- Antibiotic-resistant bacteria thrive in the lungs of seriously ill patients
- Scientists discover 'switch' that turns on aggressive infection in the superbug
- Hope that discovery could lead to new treatments
University of Cambridge researchers have discovered how an antibiotic-resistant superbug exploits oxygen-limited conditions in the lungs of patients with severe respiratory disease to thrive.
It is hoped the discovery could lead to new ways to target the Pseudomonas aeruginosa bacterium, which is responsible for six per cent of healthcare associated infections in NHS patients and has a widespread resistance to many antibiotics.
Infection by P. aeruginosa is a major cause of death in patients with Cystic Fibrosis.
The research, funded by the Biotechnology and Biological Sciences Research Council (BBSRC) and published in Open Biology, shows that an infection pathway in P. aeruginosa is activated when the bug encounters low-oxygen conditions.
Lead investigator Dr Martin Welch, from the University of Cambridge Department of Biochemistry, said: "This is particularly important because the bug is strongly associated with infections in patients with severe respiratory disease; most famously patients with cystic fibrosis - many of whom eventually succumb to P. aeruginosa infections.
"Counter-intuitively, the lung tissue of such patients is oxygen-limited, so this could trigger the pathway."
P. aeruginosa infection the lungs promotes an inflammatory response that destroys lung tissue.
When the bug encounters low oxygen conditions, a mechanism called the Type III Secretion System (T3SS) is triggered.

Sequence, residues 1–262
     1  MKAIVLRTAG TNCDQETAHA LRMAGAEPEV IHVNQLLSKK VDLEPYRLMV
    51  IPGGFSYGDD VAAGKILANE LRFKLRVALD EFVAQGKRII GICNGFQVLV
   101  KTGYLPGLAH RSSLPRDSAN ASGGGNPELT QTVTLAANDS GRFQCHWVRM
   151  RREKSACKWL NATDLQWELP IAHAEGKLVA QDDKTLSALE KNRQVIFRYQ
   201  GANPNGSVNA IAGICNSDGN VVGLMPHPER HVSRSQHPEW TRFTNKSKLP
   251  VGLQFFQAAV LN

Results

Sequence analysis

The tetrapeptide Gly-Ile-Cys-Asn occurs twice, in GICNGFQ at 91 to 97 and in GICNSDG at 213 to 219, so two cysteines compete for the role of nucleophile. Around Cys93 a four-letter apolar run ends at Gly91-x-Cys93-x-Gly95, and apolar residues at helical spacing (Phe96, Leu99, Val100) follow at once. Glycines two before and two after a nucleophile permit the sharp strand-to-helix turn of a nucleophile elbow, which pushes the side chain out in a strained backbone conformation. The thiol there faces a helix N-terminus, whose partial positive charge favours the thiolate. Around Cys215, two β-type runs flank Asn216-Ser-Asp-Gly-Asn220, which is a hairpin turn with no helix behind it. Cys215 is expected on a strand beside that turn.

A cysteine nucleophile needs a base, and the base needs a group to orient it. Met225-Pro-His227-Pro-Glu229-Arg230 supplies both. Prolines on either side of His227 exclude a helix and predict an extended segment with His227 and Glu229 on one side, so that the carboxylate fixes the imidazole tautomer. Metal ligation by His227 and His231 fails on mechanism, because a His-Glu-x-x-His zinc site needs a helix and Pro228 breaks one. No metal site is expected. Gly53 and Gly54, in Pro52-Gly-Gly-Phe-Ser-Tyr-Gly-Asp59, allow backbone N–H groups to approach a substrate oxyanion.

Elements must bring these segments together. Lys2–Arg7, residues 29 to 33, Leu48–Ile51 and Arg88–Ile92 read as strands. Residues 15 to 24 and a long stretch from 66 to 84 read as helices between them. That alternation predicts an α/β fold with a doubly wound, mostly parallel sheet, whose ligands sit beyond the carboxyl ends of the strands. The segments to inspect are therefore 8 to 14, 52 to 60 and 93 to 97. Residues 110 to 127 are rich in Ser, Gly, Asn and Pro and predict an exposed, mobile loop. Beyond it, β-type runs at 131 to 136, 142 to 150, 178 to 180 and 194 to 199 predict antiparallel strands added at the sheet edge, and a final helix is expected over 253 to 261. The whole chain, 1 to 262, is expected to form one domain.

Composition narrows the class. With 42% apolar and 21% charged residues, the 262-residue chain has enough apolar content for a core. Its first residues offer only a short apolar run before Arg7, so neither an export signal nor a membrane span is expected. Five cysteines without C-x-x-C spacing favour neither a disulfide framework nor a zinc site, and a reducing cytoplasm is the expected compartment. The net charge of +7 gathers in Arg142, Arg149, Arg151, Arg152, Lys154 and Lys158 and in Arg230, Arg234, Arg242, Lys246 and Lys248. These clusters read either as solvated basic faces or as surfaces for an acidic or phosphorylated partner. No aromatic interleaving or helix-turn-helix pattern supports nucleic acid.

The T3SS resembles a molecular-scale 'hypodermic syringe' which is thought to inject toxins directly from the bacterium into the host cell, where they subvert its function and lead to cell death.
The team identified a metabolic 'switch' regulating T3SS activity, called the glyoxylate shunt, which is activated when oxygen is sparse.
When this 'switch' is turned on an enzyme called isocitrate lyase (ICL) is expressed, leading to activation of the T3SS. In the absence of ICL, the T3SS is not turned on in low-oxygen conditions.
Dr Welch added: "The mechanism by which ICL impacts on the T3SS involves a previously unrecognised regulatory pathway.
"Crucially we found that this regulatory pathway also affected the formation of antibiotic-resistant biofilms by P. aeruginosa. This is important because biofilm formation is known to play an important role in the pathology of cystic fibrosis-associated infections. Our study therefore opens up new potential avenues for the development of novel antibacterial therapeutic interventions."
Dr Janet Allen, Director of Research at the Cystic Fibrosis Trust said: "Many people with Cystic Fibrosis will develop Pseudomonas aeruginosa during their lives and it can cause chronic infection, which reduces lung function and therefore life expectancy. The Cystic Fibrosis Trust welcomes this research from the University of Cambridge which helps us to understand more about why this bacterium thrives in the lungs of those with cystic fibrosis, and could in the future lead to more treatments."
Professor Douglas Kell, BBSRC Chief Executive, said: "By understanding the intriguing mechanisms used by this bacterium during infections, this research could make a profound difference to for those with Cystic Fibrosis and may one day help to save lives."